Such disparities across Chicago neighborhoods and the role of race are not new. The 77 community areas and how many neighborhoods have had different reputations and resources available. For decades, Chicagoans have celebrated how these different communities can have a common identity while knowing that this did not mean they were treated the same.

What may be newer is that this issue has received more attention in recent years. Former Mayor Rahm Emanuel was criticized for efforts directed at downtown and wealthier areas. He was Chicago’s leader for a good portion of the decade. Chicago remained an important global city, but those benefits did not reach all residents or neighborhoods. Many called for this to change.

And this is not an issue limited to Chicago or just big cities. Uneven or unequal development is a prominent feature of communities in our current system. Within metropolitan regions, some suburbs are wealthy and continue to accrue residents and businesses (see the example of Arlington Heights in the Chicago news) while others struggle. These patterns often follow race-based settlement patterns and residential segregation.

This could be a critically important issue for the twenty-first century: how to encourage development and growth within places that historically have not attracted residents or capital. Without significant interventions, these patterns do not easily change.

An arboretum next to a parking lot for Amazon vehicles

The Morton Arboretum is no stranger to the juxtaposition of nature and suburban development. Founded in 1922 in Lisle, the Arboretum later adjusted to the construction and opening of the East-West Tollway (now I-88) on its edges:

1957

Construction of the East-West Tollway and widening of Illinois Route 53 changed the Arboretum landscape, resulting in new lakes, roads, and a staffed gatehouse.

In a recent popular exhibit, the Arboretum even leaned into the nearby development with one installment looming over the highway:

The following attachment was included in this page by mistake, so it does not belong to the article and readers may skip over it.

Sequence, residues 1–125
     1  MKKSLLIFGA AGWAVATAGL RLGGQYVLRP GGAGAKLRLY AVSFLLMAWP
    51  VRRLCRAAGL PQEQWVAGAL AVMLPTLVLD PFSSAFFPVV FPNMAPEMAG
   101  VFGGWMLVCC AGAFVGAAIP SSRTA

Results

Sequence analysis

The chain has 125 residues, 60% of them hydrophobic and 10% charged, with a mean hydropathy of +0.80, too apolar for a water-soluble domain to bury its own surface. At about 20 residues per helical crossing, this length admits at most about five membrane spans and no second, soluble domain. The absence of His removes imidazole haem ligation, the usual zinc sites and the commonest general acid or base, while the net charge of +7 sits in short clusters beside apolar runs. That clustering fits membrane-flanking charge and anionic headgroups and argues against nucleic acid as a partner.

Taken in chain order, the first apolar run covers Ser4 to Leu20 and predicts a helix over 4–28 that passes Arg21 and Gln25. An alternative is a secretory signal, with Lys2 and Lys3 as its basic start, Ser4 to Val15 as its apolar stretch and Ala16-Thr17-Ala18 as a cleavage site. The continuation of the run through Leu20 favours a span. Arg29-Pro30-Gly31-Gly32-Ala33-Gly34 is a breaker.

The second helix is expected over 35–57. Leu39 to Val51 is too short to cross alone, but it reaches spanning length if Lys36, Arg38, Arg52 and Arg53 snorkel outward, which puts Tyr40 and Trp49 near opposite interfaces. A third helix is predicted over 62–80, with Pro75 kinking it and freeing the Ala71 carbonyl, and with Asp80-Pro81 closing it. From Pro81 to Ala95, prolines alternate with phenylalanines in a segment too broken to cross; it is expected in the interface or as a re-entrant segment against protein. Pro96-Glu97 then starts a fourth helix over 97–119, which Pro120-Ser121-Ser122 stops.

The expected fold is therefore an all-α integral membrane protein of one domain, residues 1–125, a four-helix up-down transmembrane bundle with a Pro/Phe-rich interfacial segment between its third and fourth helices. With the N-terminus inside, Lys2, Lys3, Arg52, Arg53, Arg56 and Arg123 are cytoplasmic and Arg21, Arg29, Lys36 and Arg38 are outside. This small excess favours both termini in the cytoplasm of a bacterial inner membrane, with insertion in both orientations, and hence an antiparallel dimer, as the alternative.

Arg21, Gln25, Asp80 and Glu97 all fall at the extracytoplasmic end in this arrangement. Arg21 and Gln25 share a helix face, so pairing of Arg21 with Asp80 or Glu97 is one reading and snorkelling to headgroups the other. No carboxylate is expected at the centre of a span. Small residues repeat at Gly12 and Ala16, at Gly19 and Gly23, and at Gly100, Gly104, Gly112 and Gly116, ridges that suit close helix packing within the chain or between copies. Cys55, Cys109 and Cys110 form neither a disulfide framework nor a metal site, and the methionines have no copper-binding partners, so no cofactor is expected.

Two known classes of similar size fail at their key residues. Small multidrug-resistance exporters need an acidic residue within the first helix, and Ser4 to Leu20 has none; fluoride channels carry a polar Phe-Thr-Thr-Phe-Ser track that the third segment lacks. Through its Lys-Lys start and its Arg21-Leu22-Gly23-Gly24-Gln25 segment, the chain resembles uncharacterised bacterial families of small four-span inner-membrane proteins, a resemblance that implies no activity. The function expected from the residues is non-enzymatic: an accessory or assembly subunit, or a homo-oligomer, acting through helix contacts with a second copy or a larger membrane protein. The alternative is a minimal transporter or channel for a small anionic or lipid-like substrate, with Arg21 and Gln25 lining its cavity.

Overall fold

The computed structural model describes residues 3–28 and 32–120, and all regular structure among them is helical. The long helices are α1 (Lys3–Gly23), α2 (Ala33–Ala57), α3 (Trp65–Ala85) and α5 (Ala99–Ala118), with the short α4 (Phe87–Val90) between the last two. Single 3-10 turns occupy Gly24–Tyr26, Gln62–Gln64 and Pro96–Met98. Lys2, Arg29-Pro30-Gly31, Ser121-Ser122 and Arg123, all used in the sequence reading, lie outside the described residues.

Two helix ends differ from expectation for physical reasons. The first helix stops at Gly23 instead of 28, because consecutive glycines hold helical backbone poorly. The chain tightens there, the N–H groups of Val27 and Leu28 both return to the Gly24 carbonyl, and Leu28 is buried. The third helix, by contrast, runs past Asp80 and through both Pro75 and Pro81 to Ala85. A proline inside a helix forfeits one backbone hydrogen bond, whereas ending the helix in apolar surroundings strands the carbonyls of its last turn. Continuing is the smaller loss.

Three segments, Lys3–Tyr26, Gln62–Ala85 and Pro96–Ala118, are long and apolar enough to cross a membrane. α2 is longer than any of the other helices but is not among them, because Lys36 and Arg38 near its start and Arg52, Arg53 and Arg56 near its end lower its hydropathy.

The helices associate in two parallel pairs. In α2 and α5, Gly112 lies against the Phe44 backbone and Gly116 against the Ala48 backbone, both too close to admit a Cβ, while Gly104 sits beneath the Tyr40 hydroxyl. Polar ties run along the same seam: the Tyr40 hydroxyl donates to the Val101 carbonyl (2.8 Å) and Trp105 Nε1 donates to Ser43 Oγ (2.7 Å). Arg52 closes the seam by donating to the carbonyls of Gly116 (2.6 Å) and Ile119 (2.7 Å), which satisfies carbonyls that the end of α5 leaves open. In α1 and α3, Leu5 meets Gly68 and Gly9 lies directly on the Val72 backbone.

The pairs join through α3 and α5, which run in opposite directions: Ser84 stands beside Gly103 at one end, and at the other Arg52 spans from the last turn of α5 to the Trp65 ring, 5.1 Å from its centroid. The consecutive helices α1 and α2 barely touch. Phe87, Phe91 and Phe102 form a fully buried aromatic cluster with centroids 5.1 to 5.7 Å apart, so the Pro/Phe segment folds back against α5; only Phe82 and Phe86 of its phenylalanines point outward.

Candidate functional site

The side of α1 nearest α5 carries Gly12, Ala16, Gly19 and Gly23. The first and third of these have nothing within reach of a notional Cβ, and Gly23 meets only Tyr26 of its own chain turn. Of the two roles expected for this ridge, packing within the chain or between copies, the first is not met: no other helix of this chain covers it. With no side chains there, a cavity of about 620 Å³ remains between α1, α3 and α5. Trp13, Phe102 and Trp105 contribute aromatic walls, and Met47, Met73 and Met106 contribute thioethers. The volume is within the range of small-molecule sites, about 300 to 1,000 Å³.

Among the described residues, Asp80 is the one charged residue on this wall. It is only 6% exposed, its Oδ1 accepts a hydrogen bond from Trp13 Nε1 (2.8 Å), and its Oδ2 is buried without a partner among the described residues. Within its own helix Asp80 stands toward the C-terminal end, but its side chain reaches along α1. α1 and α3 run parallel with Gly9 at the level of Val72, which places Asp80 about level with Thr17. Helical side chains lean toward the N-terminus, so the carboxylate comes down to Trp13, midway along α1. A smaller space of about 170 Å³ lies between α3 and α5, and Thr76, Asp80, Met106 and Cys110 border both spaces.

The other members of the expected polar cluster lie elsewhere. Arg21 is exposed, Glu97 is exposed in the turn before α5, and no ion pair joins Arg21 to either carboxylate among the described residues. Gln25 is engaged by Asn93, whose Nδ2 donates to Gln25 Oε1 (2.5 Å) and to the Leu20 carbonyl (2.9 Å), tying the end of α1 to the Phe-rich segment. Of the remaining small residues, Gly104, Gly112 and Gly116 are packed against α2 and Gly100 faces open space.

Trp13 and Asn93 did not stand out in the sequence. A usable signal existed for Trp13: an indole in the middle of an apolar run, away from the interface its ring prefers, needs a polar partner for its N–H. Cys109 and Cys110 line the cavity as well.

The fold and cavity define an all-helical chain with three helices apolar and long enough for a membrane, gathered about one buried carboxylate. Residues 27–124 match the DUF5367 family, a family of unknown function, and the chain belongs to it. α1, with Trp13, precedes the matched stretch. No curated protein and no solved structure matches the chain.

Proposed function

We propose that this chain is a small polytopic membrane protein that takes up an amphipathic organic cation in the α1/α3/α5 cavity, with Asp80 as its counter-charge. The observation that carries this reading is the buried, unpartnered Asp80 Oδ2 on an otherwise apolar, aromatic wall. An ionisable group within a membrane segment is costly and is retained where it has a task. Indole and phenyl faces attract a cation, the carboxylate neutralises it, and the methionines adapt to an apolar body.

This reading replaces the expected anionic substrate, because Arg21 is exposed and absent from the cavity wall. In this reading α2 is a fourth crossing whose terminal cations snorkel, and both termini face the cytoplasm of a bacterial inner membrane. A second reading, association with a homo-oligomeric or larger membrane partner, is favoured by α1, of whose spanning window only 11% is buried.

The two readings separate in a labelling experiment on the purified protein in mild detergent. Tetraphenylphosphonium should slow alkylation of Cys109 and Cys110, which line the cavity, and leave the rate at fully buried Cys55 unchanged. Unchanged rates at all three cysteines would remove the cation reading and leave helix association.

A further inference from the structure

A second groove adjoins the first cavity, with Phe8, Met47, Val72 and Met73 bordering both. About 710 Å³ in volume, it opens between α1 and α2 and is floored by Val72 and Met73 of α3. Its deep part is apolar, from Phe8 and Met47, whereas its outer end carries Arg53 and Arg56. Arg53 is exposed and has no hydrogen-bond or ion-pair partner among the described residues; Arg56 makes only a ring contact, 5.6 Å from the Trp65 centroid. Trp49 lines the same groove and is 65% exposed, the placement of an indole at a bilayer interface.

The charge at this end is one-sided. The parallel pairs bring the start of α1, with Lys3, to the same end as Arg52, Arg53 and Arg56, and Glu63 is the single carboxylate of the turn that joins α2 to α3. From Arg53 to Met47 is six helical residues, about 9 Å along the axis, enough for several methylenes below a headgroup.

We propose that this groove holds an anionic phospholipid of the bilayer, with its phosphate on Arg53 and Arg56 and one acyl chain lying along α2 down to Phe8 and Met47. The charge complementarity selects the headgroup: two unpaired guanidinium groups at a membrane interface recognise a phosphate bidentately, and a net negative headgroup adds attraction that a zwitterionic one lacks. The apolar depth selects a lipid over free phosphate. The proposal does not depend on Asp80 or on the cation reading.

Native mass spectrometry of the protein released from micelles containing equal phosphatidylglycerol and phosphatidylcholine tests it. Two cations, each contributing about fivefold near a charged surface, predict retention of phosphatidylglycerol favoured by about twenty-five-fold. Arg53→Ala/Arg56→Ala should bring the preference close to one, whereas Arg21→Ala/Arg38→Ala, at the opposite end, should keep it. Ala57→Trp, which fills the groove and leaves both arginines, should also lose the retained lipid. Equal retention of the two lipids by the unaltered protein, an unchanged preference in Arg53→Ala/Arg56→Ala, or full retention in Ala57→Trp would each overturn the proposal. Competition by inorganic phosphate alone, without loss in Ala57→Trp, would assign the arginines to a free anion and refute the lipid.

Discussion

Note the large power lines, the evidence of two major highways nearby (I-88 and I-355), and office buildings.

Recently, I drove around the east side of the property. This land has had a number of office and warehouse properties for years. This makes sense: the properties have access to multiple highways and there are plenty of residents/workers nearby.

However, I have noticed a more recent addition to this set of land uses: there is a parking lot just for Amazon trucks and vehicles. As far as I could see, there was no building next to the lot; just many spaces for vans and trucks. Looking at Google Maps, there is indeed a parking lot there among some other development and some undeveloped land. There is an Amazon facility nearby – one of many in the Chicago region – but it is not directly connected to the parking lot so drivers would have to exit to the main road and then turn back into the Amazon facility.

It is hard to completely escape development when in the Arboretum. Traffic noise can be heard, airplanes fly overhead, and houses and other signs of suburbia are visible from different vantage points. Yet, the presence of an Amazon parking lot reminded me of what nature is in the suburbs: present but often in-between roads, homes, and other buildings that speak to the ways that humans have and continue to transform natural features to their own particular suburban goals.

The United States does not produce new big cities; it produces more edge cities, boomburbs, and suburbs

Two recent posts – a plan for a new multi-million person American city and the fastest-growing American communities are all suburbs – plus the construction of many new cities around the world led to this idea: the United States produces far more suburbs than big cities.

This was not always the case. The urbanization of the United States was quite rapid and gave rise to numerous big cities by the mid-twentieth century. In the early 1900s, the United States was less than 30% urban and less than one hundred years later was 80% urban. See this table from a 2002 US Census publication:

Before this, certain cities boomed. Chicago went from a small community in the 1830s to the second largest city in the United States in 1890. Numerous Sunbelt cities exploded in population, whether Atlanta or Phoenix or Las Vegas.

But, the United States now has relatively few new big cities. For decades, numerous small suburbs have truly expanded. One of the most noteworthy, thank to journalist Joel Garreau’s work Edge Cities, is Tysons Corner, Virginia. Once a rural intersection, the construction of a shopping mall and the arrival of thousands of square feet or retail and office space created a new kind of suburban community: one dominated by business rather than residents. While Tysons Corner has plans for additional residential units, it is a convergence of business and office activity at the intersections of several major roads outside Washington, D.C. Instead of new big cities, Americans get office parks and retail in the suburbs that rivals that of smaller big cities.